One of the big advantages to smaller deploys and continuous integration is that it can make it easier to provide more proactive security. In short, continuous integration (and the associated automated testing it enables) makes it easier to focus your security team on analyzing areas where the security risk is higher.
If the notion of rapid development, rapid deployment, and continuous integration make your security team nervous you may be able to get them engaged by sharing proven ideas from companies who’ve made this approach work well in the real world. For example, I was recently flipping through a presentation from Etsy on SlideShare, and discovered a clear explanation of how continuous integration enables better security.
At right, you see slide 34 from this (very long but clear) deck. this is the first in a series of slides that talks about how you can identify high-risk areas of code, then use those designations to drive automated checks for changes to those areas of code. The power comes in when you automatically alert the security team that someone has just check in code which changes one of the high-risk areas.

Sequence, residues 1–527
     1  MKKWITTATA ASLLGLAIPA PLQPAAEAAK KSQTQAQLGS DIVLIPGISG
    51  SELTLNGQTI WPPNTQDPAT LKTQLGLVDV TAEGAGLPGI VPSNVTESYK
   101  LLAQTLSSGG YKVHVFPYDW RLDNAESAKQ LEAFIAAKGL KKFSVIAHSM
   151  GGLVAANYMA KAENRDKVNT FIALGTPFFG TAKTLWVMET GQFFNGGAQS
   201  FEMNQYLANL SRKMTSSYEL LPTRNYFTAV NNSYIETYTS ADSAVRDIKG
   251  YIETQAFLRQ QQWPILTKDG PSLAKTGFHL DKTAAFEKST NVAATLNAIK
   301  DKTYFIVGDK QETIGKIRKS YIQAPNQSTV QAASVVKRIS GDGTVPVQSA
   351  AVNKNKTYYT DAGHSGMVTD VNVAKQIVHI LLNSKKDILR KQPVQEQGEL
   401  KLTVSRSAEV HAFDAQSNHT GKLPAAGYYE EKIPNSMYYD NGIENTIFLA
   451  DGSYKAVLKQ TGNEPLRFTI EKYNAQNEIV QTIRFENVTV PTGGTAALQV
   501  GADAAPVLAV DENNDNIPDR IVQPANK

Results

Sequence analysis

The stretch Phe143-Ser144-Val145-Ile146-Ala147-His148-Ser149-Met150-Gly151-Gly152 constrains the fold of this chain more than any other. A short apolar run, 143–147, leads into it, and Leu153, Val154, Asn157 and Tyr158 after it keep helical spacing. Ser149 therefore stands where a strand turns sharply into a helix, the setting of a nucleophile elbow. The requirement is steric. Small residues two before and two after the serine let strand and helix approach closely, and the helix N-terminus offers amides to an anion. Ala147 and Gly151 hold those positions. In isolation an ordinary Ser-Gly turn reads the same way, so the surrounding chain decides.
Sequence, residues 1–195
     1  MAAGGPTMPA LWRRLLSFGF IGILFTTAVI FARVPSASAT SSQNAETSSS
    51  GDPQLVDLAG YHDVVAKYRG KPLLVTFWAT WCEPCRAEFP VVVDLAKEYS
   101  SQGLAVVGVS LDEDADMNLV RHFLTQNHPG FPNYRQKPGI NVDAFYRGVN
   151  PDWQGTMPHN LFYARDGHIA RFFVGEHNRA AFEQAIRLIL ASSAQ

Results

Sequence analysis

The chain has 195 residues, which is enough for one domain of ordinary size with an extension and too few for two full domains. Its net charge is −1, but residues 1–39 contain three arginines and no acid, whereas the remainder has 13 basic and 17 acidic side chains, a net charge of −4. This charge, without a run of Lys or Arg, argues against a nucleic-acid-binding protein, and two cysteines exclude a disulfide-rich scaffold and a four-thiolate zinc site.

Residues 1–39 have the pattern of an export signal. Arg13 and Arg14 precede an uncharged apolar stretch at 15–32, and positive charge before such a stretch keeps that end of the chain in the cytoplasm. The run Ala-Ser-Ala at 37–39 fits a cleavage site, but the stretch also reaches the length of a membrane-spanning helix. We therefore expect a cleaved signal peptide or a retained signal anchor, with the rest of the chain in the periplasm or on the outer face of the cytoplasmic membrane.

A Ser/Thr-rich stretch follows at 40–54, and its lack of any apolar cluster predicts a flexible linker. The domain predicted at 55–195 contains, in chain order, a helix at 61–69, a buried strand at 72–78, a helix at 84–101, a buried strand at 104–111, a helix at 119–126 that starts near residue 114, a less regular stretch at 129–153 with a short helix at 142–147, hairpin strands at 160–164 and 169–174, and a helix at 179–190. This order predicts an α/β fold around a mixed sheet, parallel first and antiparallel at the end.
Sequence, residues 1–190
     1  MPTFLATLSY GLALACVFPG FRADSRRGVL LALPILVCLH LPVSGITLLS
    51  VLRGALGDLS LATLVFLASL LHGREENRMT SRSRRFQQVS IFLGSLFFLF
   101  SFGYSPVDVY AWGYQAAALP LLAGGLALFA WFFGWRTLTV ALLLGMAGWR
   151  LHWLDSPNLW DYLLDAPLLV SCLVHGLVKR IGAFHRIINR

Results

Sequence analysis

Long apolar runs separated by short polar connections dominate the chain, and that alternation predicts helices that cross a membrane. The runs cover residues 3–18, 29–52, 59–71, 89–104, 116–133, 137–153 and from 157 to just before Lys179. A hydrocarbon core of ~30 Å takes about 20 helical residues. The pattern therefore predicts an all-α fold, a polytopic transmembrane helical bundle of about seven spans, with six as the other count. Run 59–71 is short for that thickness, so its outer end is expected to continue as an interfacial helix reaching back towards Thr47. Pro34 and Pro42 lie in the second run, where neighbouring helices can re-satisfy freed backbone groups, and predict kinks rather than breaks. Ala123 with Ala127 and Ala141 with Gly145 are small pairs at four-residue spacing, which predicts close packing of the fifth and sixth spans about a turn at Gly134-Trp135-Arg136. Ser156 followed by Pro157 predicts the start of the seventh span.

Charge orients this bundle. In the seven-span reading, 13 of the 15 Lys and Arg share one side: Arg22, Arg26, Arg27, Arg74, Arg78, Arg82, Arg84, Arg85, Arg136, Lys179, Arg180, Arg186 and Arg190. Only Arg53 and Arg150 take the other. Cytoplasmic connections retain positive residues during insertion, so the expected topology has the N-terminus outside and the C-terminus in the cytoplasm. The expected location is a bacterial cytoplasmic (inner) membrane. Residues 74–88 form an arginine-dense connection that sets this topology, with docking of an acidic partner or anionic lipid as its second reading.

This seems like a commonsense way to focus high attention on high risk.
Another positive benefit of this approach is that it forces the conversation upfront about what constitutes a high-risk area code. This is an opportunity to get security, ops, and the business on the same page about where risk is likely to occur. When you incorporate this approach with periodic reviews of where things stand, it allows you to refine your approach to automated analysis based on your experience. In other words, during post-incident review if you discover one of those”Gee I wish I’d known that I had of time” sorts of situations, you can add a check into the automation library that looks for those conditions in the future. This sort of continuous improvement model benefits everyone.
Oh, by the way – one of the scenarios this approach can check for is the introduction of new third-party libraries. In today’s climate of elevated concern over third-party risk (as well as fears of security flaws in open-source components) having that capability can be a very good thing.
What about you? How are you integrating continuous security checks into your continuous integration?